Innovations That Inspire

Collective Intelligence for Inclusive Innovation

Recognition Year(s): 2022
School: SKEMA Business School
Location: France

As part of the SKEMA Hackathon, first-year students in SKEMA Business School’s MiM program used a collective intelligence platform to identify organizations’ diversity and inclusion challenges and propose solutions for fully inclusive organizations of the future.

Call to Action

The Hackathon is a staple workshop at SKEMA Business School’s Programme Grande Ecole (PGE) Master in Management. Its goal is to break students’ routines of working individually and to introduce teamwork for finding solutions to complex problems through innovation. This represents the very first activity for almost 800 first-year PGE students spread across Lille, Paris, and Sophia Antipolis.

This year, the theme of the Hackathon was the “inclusive organization.” Students had to identify problems and develop innovative solutions to improve the diversity and inclusion performance of organizations in France and globally. To achieve this, students shared and built on each other’s experiences with diversity and inclusion. As organizers of this workshop, we were worried that some students could not express themselves freely due to the sensitive nature of the topic.

Students who have just joined the school may be reluctant to participate in discussions—especially those from minority or underrepresented groups because they could worry that classmates misinterpret or misunderstand their contribution. To avoid potentially compromising relationships in the very first days, they may withhold valuable insights. To work around this, we employed digitization as an engine for inclusion, thanks to a collective intelligence platform.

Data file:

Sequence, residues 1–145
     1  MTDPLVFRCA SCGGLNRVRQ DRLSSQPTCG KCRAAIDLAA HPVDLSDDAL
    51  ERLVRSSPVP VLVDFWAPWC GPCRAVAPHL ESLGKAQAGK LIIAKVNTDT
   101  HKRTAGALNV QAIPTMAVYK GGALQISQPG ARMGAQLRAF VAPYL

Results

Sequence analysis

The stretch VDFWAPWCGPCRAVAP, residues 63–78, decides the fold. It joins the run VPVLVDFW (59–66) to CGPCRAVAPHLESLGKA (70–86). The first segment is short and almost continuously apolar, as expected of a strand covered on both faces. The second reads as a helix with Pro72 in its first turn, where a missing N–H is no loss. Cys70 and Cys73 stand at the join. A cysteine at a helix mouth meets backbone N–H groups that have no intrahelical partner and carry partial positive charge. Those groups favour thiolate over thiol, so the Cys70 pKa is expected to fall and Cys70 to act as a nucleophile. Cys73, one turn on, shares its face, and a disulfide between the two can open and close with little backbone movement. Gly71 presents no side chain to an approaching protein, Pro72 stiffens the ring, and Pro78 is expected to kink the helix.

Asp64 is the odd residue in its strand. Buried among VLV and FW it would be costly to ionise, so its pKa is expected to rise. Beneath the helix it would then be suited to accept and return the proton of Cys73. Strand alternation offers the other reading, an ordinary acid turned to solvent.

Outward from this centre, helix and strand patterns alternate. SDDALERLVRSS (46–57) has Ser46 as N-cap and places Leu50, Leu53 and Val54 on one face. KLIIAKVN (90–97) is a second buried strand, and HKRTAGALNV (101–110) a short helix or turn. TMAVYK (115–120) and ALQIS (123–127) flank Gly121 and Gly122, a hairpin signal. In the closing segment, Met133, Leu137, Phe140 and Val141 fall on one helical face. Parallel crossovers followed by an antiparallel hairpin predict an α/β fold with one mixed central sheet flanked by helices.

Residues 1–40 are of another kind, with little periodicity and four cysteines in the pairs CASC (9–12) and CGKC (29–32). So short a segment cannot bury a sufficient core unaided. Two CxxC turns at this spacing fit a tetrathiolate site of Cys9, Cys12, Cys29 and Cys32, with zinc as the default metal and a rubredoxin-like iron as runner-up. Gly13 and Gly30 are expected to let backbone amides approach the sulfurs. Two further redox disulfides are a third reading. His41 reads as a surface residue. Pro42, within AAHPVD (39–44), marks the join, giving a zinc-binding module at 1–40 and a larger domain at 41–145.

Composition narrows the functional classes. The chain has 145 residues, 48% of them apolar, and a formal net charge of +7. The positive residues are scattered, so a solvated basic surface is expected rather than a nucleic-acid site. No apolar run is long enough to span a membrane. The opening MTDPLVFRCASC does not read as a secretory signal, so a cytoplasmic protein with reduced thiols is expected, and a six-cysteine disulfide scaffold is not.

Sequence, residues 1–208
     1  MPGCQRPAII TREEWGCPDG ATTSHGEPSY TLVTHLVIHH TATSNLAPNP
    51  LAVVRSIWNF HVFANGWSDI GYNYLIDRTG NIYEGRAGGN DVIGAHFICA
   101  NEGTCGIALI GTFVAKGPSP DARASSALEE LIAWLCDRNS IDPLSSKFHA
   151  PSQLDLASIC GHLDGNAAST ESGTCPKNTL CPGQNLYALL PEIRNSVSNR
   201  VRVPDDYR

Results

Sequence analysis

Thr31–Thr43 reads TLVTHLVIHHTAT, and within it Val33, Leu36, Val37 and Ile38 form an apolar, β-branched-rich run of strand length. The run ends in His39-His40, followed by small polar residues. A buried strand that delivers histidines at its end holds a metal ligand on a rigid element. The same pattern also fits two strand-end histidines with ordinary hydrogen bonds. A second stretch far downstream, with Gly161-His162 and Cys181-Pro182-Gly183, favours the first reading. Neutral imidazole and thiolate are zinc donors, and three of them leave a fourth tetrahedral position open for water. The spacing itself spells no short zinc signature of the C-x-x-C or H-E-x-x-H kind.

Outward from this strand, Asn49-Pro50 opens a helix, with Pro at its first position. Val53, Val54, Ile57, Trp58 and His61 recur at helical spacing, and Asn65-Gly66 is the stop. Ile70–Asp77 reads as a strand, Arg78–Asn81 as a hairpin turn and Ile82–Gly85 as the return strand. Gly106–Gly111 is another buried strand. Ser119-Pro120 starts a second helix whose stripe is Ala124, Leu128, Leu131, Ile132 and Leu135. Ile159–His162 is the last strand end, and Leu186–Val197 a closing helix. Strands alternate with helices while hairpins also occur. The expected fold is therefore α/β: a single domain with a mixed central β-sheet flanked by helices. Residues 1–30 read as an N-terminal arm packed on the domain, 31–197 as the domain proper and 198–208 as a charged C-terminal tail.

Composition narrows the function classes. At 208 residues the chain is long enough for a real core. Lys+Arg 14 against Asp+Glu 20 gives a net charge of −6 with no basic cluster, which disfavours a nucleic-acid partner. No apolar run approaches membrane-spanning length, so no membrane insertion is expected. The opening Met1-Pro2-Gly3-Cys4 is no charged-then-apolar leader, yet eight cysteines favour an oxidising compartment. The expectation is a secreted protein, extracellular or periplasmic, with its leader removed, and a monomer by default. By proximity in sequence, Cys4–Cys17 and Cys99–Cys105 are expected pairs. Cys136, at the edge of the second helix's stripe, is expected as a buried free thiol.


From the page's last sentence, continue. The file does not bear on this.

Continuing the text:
The solution consisted of three modules developed a platform actively committed to civic technology. The first module consisted of a survey carried out on day one. It included a set of open-ended questions about students’ experiences with inclusion as well as students' opinions about what defines an inclusive organization. We performed a text-based analysis to identify major trends, and such an exercise allowed students to determine their understanding of inclusion—or lack thereof—before the workshop.

The second module consisted of a writing exercise where teams of students wrote 180 essays about an ideal future where organizations are fully inclusive. In doing so, students identified the specific problems to be solved to reach this ideal state. An algorithm-powered analysis of narratives allowed us to identify the most salient problems.

The third module consisted of a co-creation exercise. This exercise allowed students to prioritize problems by sharing and collecting feedback using pseudonyms in a safe space where they could express themselves freely. In total, students posted more than 12,000 messages. We analyzed these contributions and identified the most prominent dynamics, We presented the results to the students on the final day. One week after the conclusion of the Hackathon, we sent another survey to evaluate whether students improved their level of understanding.


The new platform influenced the workshop in three ways: First, students worked more on the topic of the Hackathon—diversity and inclusion. The three modules engaged students and pushed them to reflect beforehand. Across our campuses, coaches with several years of experience in the Hackathon found students to be more prepared and motivated than in the past.

Second, the students’ expression was more inclusive. They could choose one module over the others to express themselves according to their preferences. While some students favored writing long essays in the fiction module where they expressed views about a utopian or dystopian future, others preferred to engage in conversations with their peers in the co-construction module.

Third, it truly gave the students a voice. We analyzed student submissions and created an executive summary about their combined perception of problems related to inclusion, and formulated a set of recommendations that we used internally and externally. Furthermore, we built on the insights from last year to design and formally test the proposition that an anonymous platform increases diversity expression. Overall, the collective intelligence platform was an inclusive tool that helped create a suitable learning environment for students of all backgrounds and inclinations.

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